XAML Fundamentals for Web & Mobile: Building a Data Bound Menu

WinUI contains classes for menus belonging to a Window and context menus attached to other controls. Users will be familiar with menus in traditional desktop applications and mobile devices. Unlike previous Windows APIs, the WinUI MenuBar and MenuBarItem do not support data binding, so you must build your menu tree from MenuFlyoutItem, MenuFlyoutSubItem, and MenuFlyoutSeparator, either in code or directly in your XAML. 

The two types of items cover all the menu scenarios since the MenuFlyoutSubItem can contain additional menu items. A static menu might look something like this:

				
					<MenuBar> 
        <MenuBarItem Title="File"> 
                <MenuFlyoutItem Text="New"/>
                <MenuFlyoutItem Text="Open..."/> 
                <MenuFlyoutItem Text="Save"/> 
                <MenuFlyoutItem Text="Exit"/> 
        </MenuBarItem> 
</MenuBar> 
				
			

Data-Bindings Menu

Sometimes, you may want to populate a menu dynamically from a data source rather than hard-coding them. In this case, there is a little more work to achieve the desired results. There are a couple of ways you could present a grouped collection in a menu – you could choose to display each group using a MenuFlyoutSubItem and have the items nested below this.  

While technically, you can continue to nest multiple levels with the MenuFlyoutSubItem, in practice, more than two layers become challenging to navigate, especially on smaller screens. Given a single-level grouped collection, you can write code like the following to populate a top-level MenuBarItem from the groups:

				
					var groupedBirds = Birds.GroupBy(x => x.Family); 

foreach (var group in groupedBirds) 
{ 
    var menuGroup = new MenuFlyoutSubItem() { Text = group.Key }; 
    GroupedMenu.Items.Add(menuGroup); 

    foreach (var bird in group) 
    { 
        var item = new MenuFlyoutItem() { Text = bird.CommonName }; 
        item.DataContext = bird; 
        menuGroup.Items.Add(item); 
    } 
} 
				
			



This produces a menu which looks like this on Android and Windows, respectively:

Figure 1. Nested Menus on Android
Figure 2. Nested Menus on Windows 11

Separating Groups of Menu Items

The code above works but adds some unnecessary noise to the menu (especially when the groups themselves are not actionable and there are not too many items in total). Instead, we can modify this code to display all the items at the same level but with separators between the groups.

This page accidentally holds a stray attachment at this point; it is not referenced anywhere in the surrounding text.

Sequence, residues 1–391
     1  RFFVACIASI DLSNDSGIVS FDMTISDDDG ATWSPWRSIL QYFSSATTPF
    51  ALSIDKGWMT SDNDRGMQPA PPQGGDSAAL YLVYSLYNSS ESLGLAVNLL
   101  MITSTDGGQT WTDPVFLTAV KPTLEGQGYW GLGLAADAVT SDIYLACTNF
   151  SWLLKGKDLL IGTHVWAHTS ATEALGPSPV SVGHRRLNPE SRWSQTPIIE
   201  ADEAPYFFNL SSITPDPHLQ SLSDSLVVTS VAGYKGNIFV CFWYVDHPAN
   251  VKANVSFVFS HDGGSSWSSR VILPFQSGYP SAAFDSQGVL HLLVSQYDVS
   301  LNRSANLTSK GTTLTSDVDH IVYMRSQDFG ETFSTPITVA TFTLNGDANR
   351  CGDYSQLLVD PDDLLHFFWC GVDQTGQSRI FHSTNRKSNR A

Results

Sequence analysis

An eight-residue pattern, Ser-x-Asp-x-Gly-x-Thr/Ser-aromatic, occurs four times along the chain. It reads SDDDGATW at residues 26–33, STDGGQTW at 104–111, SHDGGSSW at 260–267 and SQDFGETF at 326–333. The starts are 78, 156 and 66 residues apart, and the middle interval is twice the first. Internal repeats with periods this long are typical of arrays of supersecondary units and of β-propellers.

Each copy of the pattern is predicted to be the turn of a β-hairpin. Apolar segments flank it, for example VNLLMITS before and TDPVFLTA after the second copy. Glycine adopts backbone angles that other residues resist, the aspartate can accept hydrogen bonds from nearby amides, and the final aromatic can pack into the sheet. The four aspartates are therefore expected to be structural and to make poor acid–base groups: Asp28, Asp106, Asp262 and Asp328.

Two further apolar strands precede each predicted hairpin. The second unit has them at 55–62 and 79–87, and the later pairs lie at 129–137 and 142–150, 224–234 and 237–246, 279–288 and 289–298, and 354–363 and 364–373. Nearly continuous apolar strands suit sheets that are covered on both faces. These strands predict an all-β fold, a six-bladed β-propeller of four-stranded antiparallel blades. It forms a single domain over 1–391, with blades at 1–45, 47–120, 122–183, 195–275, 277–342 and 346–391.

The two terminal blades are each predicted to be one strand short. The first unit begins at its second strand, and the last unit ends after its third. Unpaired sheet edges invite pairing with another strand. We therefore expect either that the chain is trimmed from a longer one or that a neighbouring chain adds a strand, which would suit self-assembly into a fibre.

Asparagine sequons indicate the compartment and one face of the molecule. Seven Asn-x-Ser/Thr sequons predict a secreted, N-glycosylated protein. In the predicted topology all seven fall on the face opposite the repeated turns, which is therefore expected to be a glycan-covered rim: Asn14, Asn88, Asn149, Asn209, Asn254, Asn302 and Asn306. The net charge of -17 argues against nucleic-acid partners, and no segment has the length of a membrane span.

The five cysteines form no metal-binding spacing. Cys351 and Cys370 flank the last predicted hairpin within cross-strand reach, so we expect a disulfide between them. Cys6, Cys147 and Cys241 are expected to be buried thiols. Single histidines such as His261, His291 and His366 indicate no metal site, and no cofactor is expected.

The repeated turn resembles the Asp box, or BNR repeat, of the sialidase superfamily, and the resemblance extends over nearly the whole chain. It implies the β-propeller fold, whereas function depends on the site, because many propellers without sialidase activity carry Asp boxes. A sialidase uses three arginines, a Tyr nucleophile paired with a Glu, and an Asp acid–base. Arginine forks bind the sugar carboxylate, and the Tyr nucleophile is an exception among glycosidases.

var groupedBirds = Birds.GroupBy(x => x.Family);
var template = Resources["MenuItemTemplate"] as DataTemplate;

foreach (var group in groupedBirds)
{
    foreach (var bird in group)
    {
        var item = template.LoadContent() as MenuFlyoutItem;
        item.DataContext = bird;
        SeparatedMenu.Items.Add(item);
    }
    // add separator after last item in group
    SeparatedMenu.Items.Add(new MenuFlyoutSeparator());
}

if (SeparatedMenu.Items.Count > 0)
{
    // remove trailing separator (if items added)
    SeparatedMenu.Items.RemoveAt(SeparatedMenu.Items.Count - 1);
}

				
			

Adding the original bird item as the DataContext of the menuFlyoutItem allows us to get the items when responding to a menu selection. The other reason is to use a template populated from the data item. 

Define the Appearance with a DataTemplate

It’s perfectly possible to fully create the menu items from code. However, if you want to make minor changes to the appearance at a later stage, you have to dig into the code. In the example above, we added a custom Icon to the menu items, and we may decide in the future to change this. A solution to provide clearer separation is to create a DataTemplate in XAML, which defines the appearance of the MenuFlyoutItem given the specific data-bound item. For our bird example, we’ve used the following named template, which we can refer to from the code when creating new menu items there are not too many items in total). Instead, we can modify this code to display all the items at the same level but with separators between the groups. 

				
					<DataTemplate x:Key="MenuItemTemplate">
    <MenuFlyoutItem Text="{Binding CommonName}">
        <MenuFlyoutItem.Icon>
            <FontIcon Glyph="&#x0001F426;"/>
        </MenuFlyoutItem.Icon>
    </MenuFlyoutItem>
</DataTemplate>

				
			

While the MenuFlyoutItem doesn’t contain a lot of visual customization, it may change in the future, and the template could be adapted accordingly. The separated groups rendered with a template defining a custom item look like this on Android and Windows devices:

Figure 3. Separated Menus on Android
Figure 4. Separated Menus on Wiondows 11
About Uno Platform

For those new to Uno Platform – it allows for creation of pixel-perfect, single-source C# and XAML apps which run natively on Windows, iOS, Android, macOS, Linux and Web via WebAssembly. It offers Figma integration for design-development handoff, and a set of extensions to bootstrap your projects. Uno Platform is free and Open Source (Apache 2.0) and available on GitHub.

Next Steps

You can view the full class details of MenuBarItem and related classes in the WinUI documentation. All of the MenuBar/MenuFlyout classes are supported in Uno 4.6. 

We’ve made the code sample available here. Explore our samples and discover how you can Get Started with Uno Platform to build your desktop, mobile, and web apps. 

Tags:

Share this post:

Uno Platform 5.2 – True Single Project, enhanced Skia renderers, Multi Window and .NET 9 support , and more! See what’s new